Developing Hypersonic Technology…
- DARPA’s research and development in stealth technology during the 1970s and 1980s led to the world’s most advanced radar-evading aircraft, providing strategic national security advantage to the United States. Today, that strategic advantage is threatened as other nations’ abilities in stealth and counter-stealth improve. Restoring that battle space advantage requires advanced speed, reach and range. Hypersonic technologies have the potential to provide the dominance once afforded by stealth to support a range of varied future national security missions.
- Extreme hypersonic flight at Mach 20 (i.e., 20 times the speed of sound)—which would enable DoD to get anywhere in the world in under an hour—is an area of research where significant scientific advancements have eluded researchers for decades. Thanks to programs by DARPA, the Army, and the Air Force in recent years, however, more information has been obtained about this challenging subject.
- “DoD’s hypersonic technology efforts have made significant advancements in our technical understanding of several critical areas including aerodynamics; aerothermal effects; and guidance, navigation and control,” said Acting DARPA Director, Kaigham J. Gabriel. “but additional unknowns exist.”
DARPA Hypersonic Technology (IH) Program…
- Tackling remaining unknowns for DoD hypersonics efforts is the focus of the new DARPA Integrated Hypersonics (IH) program. “History is rife with examples of different designs for ‘flying vehicles’ and approaches to the traditional commercial flight we all take for granted today,” explained Gabriel. “For an entirely new type of flight—extreme hypersonic—diverse solutions, approaches and perspectives informed by the knowledge gained from DoD’s previous efforts are critical to achieving our goals.”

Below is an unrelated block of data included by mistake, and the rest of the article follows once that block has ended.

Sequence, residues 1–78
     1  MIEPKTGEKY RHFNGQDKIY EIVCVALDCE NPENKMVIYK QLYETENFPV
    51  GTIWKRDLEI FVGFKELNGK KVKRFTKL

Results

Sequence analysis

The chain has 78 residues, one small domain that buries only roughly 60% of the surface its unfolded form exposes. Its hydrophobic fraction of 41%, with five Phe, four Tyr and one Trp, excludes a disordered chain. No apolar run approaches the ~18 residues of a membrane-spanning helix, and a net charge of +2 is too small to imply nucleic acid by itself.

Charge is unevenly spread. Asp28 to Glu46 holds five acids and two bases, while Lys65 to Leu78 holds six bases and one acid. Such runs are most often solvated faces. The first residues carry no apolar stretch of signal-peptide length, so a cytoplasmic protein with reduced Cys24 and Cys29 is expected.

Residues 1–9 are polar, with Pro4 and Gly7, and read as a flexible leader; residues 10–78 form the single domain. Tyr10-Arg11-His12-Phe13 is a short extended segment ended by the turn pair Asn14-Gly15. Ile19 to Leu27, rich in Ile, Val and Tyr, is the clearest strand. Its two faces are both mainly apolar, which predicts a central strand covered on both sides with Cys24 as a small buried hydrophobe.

- To encourage this diversity, DARPA will host a Proposers’ Day on August 14, 2012, to detail the technical areas for which proposals are sought through an upcoming competitive broad agency announcement.
- “We do not yet have a complete hypersonic system solution,” said Gregory Hulcher, director of Strategic Warfare, Office of the Under Secretary of Defense for Acquisition, Technology and Logistics. “Programs like Integrated Hypersonics will leverage previous investments in this field and continue to reduce risk, inform development, and advance capabilities.”
Hypersonic Technology: Five Primary Technical Areas…
- The IH program expands hypersonic technology research to include five primary technical areas: thermal protection system and hot structures; aerodynamics; guidance, navigation, and control (GNC); range/instrumentation; and propulsion.
- At Mach 20, vehicles flying inside the atmosphere experience intense heat, exceeding 3,500 degrees Fahrenheit, which is hotter than a blast furnace capable of melting steel, as well as extreme pressure on the aeroshell. The thermal protection materials and hot structures technology area aims to advance understanding of high-temperature material characteristics to withstand both high thermal and structural loads. Another goal is to optimize structural designs and manufacturing processes to enable faster production of high-mach aeroshells.
- The aerodynamics technology area focuses on future vehicle designs for different missions and addresses the effects of adding vertical and horizontal stabilizers or other control surfaces for enhanced aero-control of the vehicle. Aerodynamics seeks technology solutions to ensure the vehicle effectively manages energy to be able to glide to its destination. Desired technical advances in the GNC technology area include advances in software to enable the vehicle to make real-time, in-flight adjustments to changing parameters, such as high-altitude wind gusts, to stay on an optimal flight trajectory.